I write often about nurturing creativity. It is a concept close to my heart. When we're creating, life bursts forth. Pleasure. Joy. Lately, I've been watching The Great British Bake Off. Even though I don't like to bake or cook, I enjoy watching what happens as each baker gets his or her assignment from the show's hosts. Each contestant has a different background. They are not professional chefs. But they could be. Most of them work as engineers or teachers or homemakers to earn a living. They bake because they love the art. Upon completion of each assignment, I notice two things each composition has in common. One, their finished projects are beautiful. And two, none of their elaborate designs are perfect. There are always flaws. But perfection is not the point. Actively engaging in the projects is the goal. All creative endeavors usually have these two features in common I know that each of my books contain aspects I'd change if I could go back and do the projects again. Yet, I still love my books. To me they are still beautiful. As I'm nearing the finish line with the rough draft of my fourth book, I again offer a brief excerpt. I write about a question I asked myself while I wrote On A Clear Blue Day. I questioned why I kept going back to the page. Perhaps you will relate as you pursue your creative process. Whether its creating baked goods, writing, painting, singing, gardening, (you fill in the blank), we are never that far from delight when we allow ourselves to create and shrug off perfectionism...
I lay with my left arm outstretched, waiting for the needle stick to numb my skin...so that I could have a permanent IV line placed in my upper arm. It felt like the last straw over the last seven months of treatment for cancer. The technician was thorough as she explained the procedure. I could see her expressive blue eyes above the mask she wore over her mouth. "You know," she said, "Sometimes the body just says no more. And that's what your veins are saying. No more punctures. We've had it. So we're going to give your body a rest, give it a a break. No more sticks. This will be the last one for a while." I appreciated her try for optimism, yet I wasn't sold on the idea of the permanence of a needle in my arm. It felt like another way I was held captive in this journey to prevent the cancer from coming back. In fact, as I continued through the procedure, the technician kept talking. She said, "You know, I think chemotherapy is a lot like being held hostage. You know at some point you'll be released, but you don't know exactly when. It's not only a fight physically, but also psychologically, spiritually and emotionally."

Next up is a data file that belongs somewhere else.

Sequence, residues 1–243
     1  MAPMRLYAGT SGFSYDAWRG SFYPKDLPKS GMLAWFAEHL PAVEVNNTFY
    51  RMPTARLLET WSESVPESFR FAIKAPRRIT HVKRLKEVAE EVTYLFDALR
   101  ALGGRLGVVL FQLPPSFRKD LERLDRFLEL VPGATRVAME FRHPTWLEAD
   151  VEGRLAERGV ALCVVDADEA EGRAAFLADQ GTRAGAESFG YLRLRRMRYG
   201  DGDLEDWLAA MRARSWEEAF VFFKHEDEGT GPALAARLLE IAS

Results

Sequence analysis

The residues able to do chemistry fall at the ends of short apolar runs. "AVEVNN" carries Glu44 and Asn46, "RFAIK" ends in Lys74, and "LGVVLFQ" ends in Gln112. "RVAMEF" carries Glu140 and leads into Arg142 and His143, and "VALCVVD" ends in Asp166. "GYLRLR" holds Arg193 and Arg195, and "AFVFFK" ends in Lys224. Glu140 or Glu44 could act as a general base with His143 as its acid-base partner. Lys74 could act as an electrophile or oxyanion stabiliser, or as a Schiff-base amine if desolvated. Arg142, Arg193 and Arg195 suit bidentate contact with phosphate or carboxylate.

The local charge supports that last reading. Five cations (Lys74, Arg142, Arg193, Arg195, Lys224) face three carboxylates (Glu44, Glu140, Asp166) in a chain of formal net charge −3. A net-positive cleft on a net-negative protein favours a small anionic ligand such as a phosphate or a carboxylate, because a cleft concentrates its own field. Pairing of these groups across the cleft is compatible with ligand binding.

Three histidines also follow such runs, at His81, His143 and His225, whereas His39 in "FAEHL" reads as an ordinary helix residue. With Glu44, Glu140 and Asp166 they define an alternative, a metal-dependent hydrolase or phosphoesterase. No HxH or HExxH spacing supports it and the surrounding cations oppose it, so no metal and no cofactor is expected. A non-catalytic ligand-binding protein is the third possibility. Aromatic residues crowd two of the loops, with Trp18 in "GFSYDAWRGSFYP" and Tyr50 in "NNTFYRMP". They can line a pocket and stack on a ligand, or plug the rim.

When the insertion of the IV line was over, I looked down at my arm, swathed in a type of fishnet bandage for protection, and thought of the technician's metaphor. "Boy, she was not kidding when she said chemo is a lot like being held hostage." Now I couldn't even take showers anymore. In my head I screamed, "This sucks!" And it does. Yet as I've thought about the place I'm held captive, I can also say in many ways it does not suck.
My husband suggested I give my bicycle to a neighbor who had no transportation. "Priscilla, you haven't ridden the bicycle for over a year. Our neighbor could really use it; I see him walking everywhere." I didn't have much of an argument. I kept thinking that I'd ride the bike someday. I would research the trails at a nearby park, and then I'd go on lots of adventures. I'd buy a helmet. I'd take the bike to the beach. Someday. I'd seen the neighbor too, carrying his back pack, every day walking up and down our street. And still the bike sat in the garage unused. I told my husband, "Give him the bicycle. I'm not going to use it." Every time I saw our neighbor on the bike, I felt good that he was getting some use out of it. But I had a feeling of regret that I'd never made a decision to go on those explorations I'd contemplated, that I'd never bought a helmet and set out to discover new trails.